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Editor and wife won't face charges over leaked calls

THURSDAY 07/10/2004 15:22:14

A newspaper editor and wife team are not to face charges over leaked phone calls which embarassed Downing Street.

Liam Clarke, Northern Ireland editor of the Sunday Times, and Kathryn Johnston have been told that the DPP has directed they should not be prosecuted over an alleged breach of the Official Secrets Act.

Transcripts of leaked calls, including conversations between Sinn Fein`s Martin McGuinness and Jonathan Powell, the British Prime Minister`s Chief of Staff, were published in a biography of Mr McGuinness written by Mr Clarke and his wife.

In a statement released through their solicitors Johnsons, the couple said: "The DPP`s decision comes as no surprise.

"However, we are most suprised to note that although there has been a decision not to prosecute us, charges are still outstanding in respect of a retired police officer.

"We are bewildered that this situation continues in the circumstances."

In the High Court last September, the PSNI admitted that a police raid at the Belfast office of the Sunday Times was unlawful.

The family home in Ballymena was also raided under the Official Secrets Act and sacks of documents and computers were seized during a five-hour search.

The couple`s nine year-old daughter Alice had to be left in the care of neighbours while they were held and questioned for 24 hours.

A complaint was lodged with the Police Ombudsman`s office which carried out an investigation.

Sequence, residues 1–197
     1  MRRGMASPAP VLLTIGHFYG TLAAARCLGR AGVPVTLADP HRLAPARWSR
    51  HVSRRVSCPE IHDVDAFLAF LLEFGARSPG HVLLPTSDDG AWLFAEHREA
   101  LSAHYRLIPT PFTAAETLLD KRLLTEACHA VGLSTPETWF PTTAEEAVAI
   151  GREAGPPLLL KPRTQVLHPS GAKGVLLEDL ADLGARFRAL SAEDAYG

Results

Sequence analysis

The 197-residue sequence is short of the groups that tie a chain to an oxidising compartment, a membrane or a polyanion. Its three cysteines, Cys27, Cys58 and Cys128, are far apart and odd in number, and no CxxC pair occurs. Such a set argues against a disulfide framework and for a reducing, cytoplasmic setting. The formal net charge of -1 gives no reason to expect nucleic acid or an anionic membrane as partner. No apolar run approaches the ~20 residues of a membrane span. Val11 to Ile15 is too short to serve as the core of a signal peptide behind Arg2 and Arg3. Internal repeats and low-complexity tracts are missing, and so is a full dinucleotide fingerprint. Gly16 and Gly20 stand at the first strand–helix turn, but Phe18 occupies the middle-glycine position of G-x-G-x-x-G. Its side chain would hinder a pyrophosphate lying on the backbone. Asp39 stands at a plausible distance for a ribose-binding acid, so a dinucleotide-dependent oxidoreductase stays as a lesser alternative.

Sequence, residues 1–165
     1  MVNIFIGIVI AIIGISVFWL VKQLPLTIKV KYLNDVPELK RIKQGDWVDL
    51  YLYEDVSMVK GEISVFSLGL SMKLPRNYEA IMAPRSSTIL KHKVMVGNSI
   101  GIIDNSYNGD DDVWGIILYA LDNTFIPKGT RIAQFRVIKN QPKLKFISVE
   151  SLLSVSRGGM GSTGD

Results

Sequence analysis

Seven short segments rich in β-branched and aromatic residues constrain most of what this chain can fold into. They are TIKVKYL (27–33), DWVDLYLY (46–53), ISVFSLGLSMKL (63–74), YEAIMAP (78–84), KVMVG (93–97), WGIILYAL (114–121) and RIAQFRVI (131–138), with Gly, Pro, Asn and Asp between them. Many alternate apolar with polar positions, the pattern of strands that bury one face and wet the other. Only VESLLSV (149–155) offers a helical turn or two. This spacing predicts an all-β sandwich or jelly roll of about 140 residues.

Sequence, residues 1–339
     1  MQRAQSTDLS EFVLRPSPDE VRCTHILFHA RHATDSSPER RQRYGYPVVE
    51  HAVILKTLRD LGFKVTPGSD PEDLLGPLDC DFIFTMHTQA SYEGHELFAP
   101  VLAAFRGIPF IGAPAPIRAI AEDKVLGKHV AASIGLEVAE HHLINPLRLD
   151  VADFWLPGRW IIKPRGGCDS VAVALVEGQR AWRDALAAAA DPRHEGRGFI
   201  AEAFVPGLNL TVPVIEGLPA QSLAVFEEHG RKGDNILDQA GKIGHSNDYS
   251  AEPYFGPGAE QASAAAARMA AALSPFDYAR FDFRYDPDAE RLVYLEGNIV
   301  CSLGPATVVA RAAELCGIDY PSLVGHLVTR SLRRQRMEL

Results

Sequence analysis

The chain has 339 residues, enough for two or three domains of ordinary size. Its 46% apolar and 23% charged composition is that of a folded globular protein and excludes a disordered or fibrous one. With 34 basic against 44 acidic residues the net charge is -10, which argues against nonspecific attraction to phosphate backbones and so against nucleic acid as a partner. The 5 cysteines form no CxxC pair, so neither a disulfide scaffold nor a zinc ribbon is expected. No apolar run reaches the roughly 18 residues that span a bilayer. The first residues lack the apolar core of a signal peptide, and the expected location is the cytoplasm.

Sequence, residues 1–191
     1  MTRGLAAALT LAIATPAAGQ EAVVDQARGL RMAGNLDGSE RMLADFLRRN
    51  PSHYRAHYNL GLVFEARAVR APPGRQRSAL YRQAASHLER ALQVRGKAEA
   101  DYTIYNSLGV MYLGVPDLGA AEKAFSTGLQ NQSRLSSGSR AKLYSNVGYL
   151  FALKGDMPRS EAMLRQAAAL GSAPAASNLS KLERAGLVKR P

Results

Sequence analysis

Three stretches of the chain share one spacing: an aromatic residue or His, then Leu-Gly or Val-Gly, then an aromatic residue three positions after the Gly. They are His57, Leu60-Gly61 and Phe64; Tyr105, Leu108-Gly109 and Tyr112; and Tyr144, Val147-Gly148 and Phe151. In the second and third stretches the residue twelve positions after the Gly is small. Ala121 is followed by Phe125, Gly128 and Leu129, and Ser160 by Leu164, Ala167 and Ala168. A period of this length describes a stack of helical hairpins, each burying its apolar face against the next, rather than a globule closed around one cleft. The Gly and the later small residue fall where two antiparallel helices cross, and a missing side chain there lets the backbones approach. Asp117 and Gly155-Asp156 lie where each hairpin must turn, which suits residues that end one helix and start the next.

It led to Ombudsman, Nuala O`Loan, recommending that several officers be disciplined over the raid which she described as "poorly led and unprofessional."

Mrs O`Loan said police officers had breached basic legal procedures giving protection to journalists from state harassment and had illegally restricted the movements of the Clarkes during the search.

In their response, the PSNI said it was "examining" the Ombudsman`s report and added that changes implemented since the raid at the Clarke`s home meant that a repetition of some of the "issues highlighted" would not arise again.

Paul Tweed, media partner in Johnsons, confirmed that Mr Clarke and his wife are pursuing a compensation claim against the police.

"Legal proceedings have already been issued and we will be continuing to vigorously prosecute our clients` claim for damages against the Chief Constable," he said.

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